Screenshot from the video 'Innocence of Muslims'
From The Clarion Project.
U.S. Court Orders Google to Remove Anti-Islam Video
In a 2-1 vote, a U.S. Court of Appeals struck down a lower court’s decision and told Google, Inc. it must take down the “Innocence of Muslims” video from its website “YouTube.”
Google will take the case to a higher court. “We strongly disagree with this ruling and will fight it,” the internet giant said in a statement.
The company was taken to court by Cindy Lee Garcia, one of the actresses that appeared in the film. Garcia requested that the video be taken down after seeing that it included a clip she had made for a completely different film. The clip was partially dubbed and had Garcia asking, "Is your Mohammed a child molester?"
The video (which was billed as a trailer to an upcoming film) generated an onslaught of anti-America protests across the Muslim world in the Middle East, Asia and Africa. The Obama administration originally tried to blame the Sept. 11, 2012 attack on the American consulate in Benghazi by Islamists on the video, although it was later proven that the attack was premeditated.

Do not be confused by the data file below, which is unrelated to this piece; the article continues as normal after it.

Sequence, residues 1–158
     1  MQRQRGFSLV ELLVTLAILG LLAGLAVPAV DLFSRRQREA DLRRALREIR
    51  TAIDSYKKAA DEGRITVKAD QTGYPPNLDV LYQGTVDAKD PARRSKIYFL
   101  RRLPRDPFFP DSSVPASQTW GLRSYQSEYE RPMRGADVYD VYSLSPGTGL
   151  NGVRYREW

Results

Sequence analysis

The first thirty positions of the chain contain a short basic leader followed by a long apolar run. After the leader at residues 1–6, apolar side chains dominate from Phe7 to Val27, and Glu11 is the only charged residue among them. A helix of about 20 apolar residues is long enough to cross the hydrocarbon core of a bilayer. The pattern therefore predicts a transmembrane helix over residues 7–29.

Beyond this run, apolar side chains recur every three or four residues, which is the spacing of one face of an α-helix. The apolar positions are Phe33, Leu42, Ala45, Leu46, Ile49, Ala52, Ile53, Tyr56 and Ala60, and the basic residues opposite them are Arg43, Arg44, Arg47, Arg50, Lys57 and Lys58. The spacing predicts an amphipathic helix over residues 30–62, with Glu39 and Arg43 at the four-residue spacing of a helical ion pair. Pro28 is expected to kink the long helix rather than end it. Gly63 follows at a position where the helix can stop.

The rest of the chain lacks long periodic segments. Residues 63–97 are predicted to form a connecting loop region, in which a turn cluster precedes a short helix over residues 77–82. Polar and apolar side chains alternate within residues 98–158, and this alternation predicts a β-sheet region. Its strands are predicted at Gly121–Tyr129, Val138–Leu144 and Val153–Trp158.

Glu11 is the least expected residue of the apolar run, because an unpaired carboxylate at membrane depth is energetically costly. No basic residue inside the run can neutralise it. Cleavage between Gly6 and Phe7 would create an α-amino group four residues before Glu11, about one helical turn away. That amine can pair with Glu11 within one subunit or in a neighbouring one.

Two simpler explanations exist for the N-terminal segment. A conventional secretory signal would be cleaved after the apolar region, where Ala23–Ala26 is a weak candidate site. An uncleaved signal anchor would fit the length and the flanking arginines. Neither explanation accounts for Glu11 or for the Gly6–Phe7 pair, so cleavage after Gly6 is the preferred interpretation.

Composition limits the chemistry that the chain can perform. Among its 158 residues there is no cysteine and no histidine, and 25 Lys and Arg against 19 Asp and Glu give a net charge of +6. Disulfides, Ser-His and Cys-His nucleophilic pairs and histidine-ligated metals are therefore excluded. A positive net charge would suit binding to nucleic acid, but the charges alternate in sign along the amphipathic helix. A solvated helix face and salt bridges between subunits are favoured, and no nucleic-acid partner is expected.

Although Google blocked the video in Egypt and Libya as well as a number of other countries, it refused to remove the video in the U.S. despite pressure from the White House.
Google argued to the court that Garcia only appeared in the video for five seconds. Although Google acknowledged that she had a potential a case against the director, they argued that posting the video did not violate copyright laws. Further, Google argued that removal of the video would be a violation of free speech protected by the U.S. Constitution. In addition, Google argued that the video had become an important part of public debate and hence, should not be removed.
"Our laws permit even the vilest criticisms of governments, political leaders, and religious figures as legitimate exercises in free speech," Google wrote.
The judge, Alex Kozinski, ruled that the video must be taken down since it was likely that Garcia would win her copyright claims. Without an injunction to remove the video, the judge said that Garcia faced irreparable harm, especially since she had already faced “serious threats against her life.
"It's disappointing, though perhaps not surprising, that Garcia needed to sue in order to protect herself and her rights," the judge wrote.